“Villain!” shouted Fritz, “dog, bigstiff! Dot mule he has a soreness by his mouth. I vill knock off your shoulders mit your head– robbermans!”
“Yi-yi!” howled Rattlesnake, roaring with laughter and ducking his head, “somebody git this here sour-krout off’n me!”
One of the band yanked Fritz back by the coat-tail, and the woods rang with Rattlesnake’s vociferous comments.
“The dog-goned little wienerwurst,” he yelled, amiably. “He’s not so much of a skunk, for a Dutchman. Took up for his animile plum quick, didn’t he? I like to see a man like his hoss, even if it is a mule. The dad-blamed little Limburger he went for me, didn’t he! Whoa, now, muley–I ain’t a-goin’ to hurt your mouth agin any more.”
Perhaps the mail would not have been tampered with had not Ben Moody, the lieutenant, possessed certain wisdom that seemed to promise more spoils.
“Say, Cap,” he said, addressing Hondo Bill, “there’s likely to be good pickings in these mail sacks. I’ve done some hoss tradin’ with these Dutchmen around Fredericksburg, and I know the style of the varmints. There’s big money goes through the mails to that town. Them Dutch risk a thousand dollars sent wrapped in a piece of paper before they’d pay the banks to handle the money.”
Hondo Bill, six feet two, gentle of voice and impulsive in action, was dragging the sacks from the rear of the wagon before Moody had finished his speech. A knife shone in his hand, and they heard the ripping sound as it bit through the tough canvas. The outlaws crowded around and began tearing open letters and packages, enlivening their labours by swearing affably at the writers, who seemed to have conspired to confute the prediction of Ben Moody. Not a dollar was found in the Fredericksburg mail.
“You ought to be ashamed of yourself,” said Hondo Bill to the mail- carrier in solemn tones, “to be packing around such a lot of old, trashy paper as this. What d’you mean by it, anyhow? Where do you Dutchers keep your money at?”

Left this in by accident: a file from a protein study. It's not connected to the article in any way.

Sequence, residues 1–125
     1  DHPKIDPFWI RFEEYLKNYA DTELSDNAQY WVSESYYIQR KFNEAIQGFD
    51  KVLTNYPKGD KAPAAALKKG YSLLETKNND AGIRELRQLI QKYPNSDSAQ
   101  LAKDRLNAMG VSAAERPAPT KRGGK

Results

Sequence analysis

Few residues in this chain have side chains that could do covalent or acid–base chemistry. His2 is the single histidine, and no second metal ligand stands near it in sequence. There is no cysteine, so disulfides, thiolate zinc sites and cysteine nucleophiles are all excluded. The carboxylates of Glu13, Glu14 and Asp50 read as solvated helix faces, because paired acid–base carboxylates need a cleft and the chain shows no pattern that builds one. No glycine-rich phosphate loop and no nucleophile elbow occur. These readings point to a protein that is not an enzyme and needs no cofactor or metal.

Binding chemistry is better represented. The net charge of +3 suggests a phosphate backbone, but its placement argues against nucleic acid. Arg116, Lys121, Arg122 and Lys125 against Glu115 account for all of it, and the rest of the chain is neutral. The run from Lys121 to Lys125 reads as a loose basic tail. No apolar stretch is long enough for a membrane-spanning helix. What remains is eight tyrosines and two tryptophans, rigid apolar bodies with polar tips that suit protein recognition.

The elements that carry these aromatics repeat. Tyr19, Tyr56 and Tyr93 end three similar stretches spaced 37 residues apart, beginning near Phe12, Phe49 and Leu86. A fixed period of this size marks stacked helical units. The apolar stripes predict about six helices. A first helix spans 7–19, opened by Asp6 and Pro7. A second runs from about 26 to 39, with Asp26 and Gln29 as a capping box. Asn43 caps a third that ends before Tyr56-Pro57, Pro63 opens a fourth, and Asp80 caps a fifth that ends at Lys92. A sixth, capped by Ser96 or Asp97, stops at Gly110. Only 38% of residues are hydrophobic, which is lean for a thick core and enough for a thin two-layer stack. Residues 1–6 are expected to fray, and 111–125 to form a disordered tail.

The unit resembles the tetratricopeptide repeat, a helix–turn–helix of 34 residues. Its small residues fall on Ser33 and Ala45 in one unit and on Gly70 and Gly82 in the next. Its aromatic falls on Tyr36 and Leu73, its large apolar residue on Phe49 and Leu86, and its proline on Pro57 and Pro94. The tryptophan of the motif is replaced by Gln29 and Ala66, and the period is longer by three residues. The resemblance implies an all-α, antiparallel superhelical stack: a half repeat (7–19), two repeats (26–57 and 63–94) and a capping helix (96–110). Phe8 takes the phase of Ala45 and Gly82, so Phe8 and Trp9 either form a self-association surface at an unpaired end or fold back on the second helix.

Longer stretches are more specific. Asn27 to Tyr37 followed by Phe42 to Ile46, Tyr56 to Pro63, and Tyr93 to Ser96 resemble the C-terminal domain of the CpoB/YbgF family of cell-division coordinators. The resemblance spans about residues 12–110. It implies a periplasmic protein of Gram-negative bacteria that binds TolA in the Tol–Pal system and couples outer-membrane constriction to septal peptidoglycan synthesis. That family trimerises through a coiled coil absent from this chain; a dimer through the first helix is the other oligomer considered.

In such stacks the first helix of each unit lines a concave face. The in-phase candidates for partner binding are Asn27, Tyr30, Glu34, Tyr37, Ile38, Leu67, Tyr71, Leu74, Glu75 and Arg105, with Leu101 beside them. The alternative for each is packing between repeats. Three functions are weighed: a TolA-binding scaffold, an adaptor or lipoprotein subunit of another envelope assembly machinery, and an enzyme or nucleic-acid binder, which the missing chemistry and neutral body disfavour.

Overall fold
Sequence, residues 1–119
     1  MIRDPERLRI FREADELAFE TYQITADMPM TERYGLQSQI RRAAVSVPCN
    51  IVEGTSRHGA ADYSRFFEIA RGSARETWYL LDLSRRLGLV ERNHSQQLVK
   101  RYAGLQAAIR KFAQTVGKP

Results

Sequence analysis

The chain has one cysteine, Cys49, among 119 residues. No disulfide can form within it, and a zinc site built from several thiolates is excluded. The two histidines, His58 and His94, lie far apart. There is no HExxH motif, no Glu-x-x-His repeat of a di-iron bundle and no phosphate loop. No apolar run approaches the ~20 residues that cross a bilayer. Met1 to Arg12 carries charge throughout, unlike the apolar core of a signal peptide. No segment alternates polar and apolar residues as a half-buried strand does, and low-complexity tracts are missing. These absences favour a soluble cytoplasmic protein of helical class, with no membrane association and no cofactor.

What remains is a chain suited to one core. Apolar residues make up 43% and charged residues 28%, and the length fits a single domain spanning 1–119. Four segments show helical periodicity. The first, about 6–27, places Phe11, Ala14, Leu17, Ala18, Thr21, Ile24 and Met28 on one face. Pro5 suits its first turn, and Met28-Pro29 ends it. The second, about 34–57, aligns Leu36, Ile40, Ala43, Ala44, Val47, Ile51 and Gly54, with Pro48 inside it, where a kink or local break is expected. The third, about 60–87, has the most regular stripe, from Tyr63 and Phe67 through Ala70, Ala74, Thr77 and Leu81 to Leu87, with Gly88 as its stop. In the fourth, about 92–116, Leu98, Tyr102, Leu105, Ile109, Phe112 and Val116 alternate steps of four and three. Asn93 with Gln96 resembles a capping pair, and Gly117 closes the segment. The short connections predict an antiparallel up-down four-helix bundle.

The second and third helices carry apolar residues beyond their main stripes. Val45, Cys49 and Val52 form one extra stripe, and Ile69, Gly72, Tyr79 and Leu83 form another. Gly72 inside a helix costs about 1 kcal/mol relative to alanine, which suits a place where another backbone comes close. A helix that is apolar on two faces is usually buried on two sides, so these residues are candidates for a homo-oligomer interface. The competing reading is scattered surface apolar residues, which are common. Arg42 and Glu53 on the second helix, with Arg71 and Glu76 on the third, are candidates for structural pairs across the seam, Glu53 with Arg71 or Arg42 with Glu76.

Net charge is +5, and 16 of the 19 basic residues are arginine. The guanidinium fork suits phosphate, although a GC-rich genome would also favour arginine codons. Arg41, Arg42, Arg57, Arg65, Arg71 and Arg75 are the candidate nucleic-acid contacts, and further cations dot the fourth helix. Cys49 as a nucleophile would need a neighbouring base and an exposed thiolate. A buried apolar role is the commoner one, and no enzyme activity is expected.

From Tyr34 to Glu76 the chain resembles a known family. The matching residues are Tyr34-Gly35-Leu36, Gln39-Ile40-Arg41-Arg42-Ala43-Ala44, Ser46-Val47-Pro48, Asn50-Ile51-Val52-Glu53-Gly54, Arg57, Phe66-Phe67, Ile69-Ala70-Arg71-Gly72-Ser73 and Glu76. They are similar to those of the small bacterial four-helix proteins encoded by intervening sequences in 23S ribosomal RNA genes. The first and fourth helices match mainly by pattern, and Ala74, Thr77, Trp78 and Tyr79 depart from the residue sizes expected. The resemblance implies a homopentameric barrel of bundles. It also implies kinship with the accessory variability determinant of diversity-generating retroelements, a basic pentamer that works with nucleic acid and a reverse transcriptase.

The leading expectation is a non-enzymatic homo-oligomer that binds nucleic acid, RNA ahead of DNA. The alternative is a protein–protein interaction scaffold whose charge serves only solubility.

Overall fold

The Ballinger mail sack opened like a cocoon under Hondo’s knife. It contained but a handful of mail. Fritz had been fuming with terror and excitement until this sack was reached. He now remembered Lena’s letter. He addressed the leader of the band, asking that that particular missive be spared.
“Much obliged, Dutch,” he said to the disturbed carrier. “I guess that’s the letter we want. Got spondulicks in it, ain’t it? Here she is. Make a light, boys.”
Hondo found and tore open the letter to Mrs. Hildesmuller. The others stood about, lighting twisted up letters one from another. Hondo gazed with mute disapproval at the single sheet of paper covered with the angular German script.
“Whatever is this you’ve humbugged us with, Dutchy? You call this here a valuable letter? That’s a mighty low-down trick to play on your friends what come along to help you distribute your mail.”
“That’s Chiny writin’,” said Sandy Grundy, peering over Hondo’s shoulder.
“You’re off your kazip,” declared another of the gang, an effective youth, covered with silk handkerchiefs and nickel plating. “That’s shorthand. I see ’em do it once in court.”
“Ach, no, no, no–dot is German,” said Fritz. “It is no more as a little girl writing a letter to her mamma. One poor little girl, sick and vorking hard avay from home. Ach! it is a shame. Good Mr. Robberman, you vill please let me have dot letter?”
“What the devil do you take us for, old Pretzels?” said Hondo with sudden and surprising severity. “You ain’t presumin’ to insinuate that we gents ain’t possessed of sufficient politeness for to take an interest in the miss’s health, are you? Now, you go on, and you read that scratchin’ out loud and in plain United States language to this here company of educated society.”
Hondo twirled his six-shooter by its trigger guard and stood towering above the little German, who at once began to read the letter, translating the simple words into English. The gang of rovers stood in absolute silence, listening intently.
“How old is that kid?” asked Hondo when the letter was done.
“Eleven,” said Fritz.
“And where is she at?”
“At dose rock quarries–working. Ach, mein Gott–little Lena, she speak of drowning. I do not know if she vill do it, but if she shall I schwear I vill dot Peter Hildesmuller shoot mit a gun.”
“You Dutchers,” said Hondo Bill, his voice swelling with fine contempt, “make me plenty tired. Hirin’ out your kids to work when they ought to be playin’ dolls in the sand. You’re a hell of a sect of people. I reckon we’ll fix your clock for a while just to show what we think of your old cheesy nation. Here, boys!”
Hondo Bill parleyed aside briefly with his band, and then they seized Fritz and conveyed him off the road to one side. Here they bound him fast to a tree with a couple of lariats. His team they tied to another tree near by.